Who killed congestion pricing?

“Congestion pricing works," so why don’t our airports use it? says Steven Pearlstein in The Washington Post. It’s basic economics: if you charge airlines a premium to use runways at peak times, it creates incentives to rid airports of congestion that costs us “an estimated $9 billion a year in wasted time and money.” Thirty years after this “simple and sensible solution” was proposed, a cast from “a classic Agatha Christie mystery” has conspired to kill it: airlines, private pilots, corporate jet users, airport operators, members of Congress. The culprits each have their reason, but their real victim is “the traveling public.”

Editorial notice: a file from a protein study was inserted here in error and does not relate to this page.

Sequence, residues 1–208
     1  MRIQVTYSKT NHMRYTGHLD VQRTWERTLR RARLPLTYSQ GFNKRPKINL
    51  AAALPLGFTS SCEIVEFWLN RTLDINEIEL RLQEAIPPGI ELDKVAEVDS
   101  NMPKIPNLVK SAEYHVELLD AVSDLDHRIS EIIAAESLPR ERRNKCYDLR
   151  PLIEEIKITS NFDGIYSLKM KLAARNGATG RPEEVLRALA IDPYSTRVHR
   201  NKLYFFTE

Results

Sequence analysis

The elusive Internet pay phone

Can’t anyone make Internet telephony profitable? says Fortune’s Yi-Wyn Yen in CNNMoney.com. EBay’s $1.4 billion hit on its “voice over Internet Protocol” (VoIP) subsidiary Skype is hardly the industry’s only sob story. Look at Vonage and the now-defunct SunRocket. “Consumer confusion” about VoIP and well-publicized reliability issues haven’t helped, but actually “Internet phone usage has grown steadily,” nearly quadrupling since 2005. The problem is that “consumers are less willing to pay for the service.” Many VoIP services are free, and as Skype can attest, “it's hard to make money off the free users.”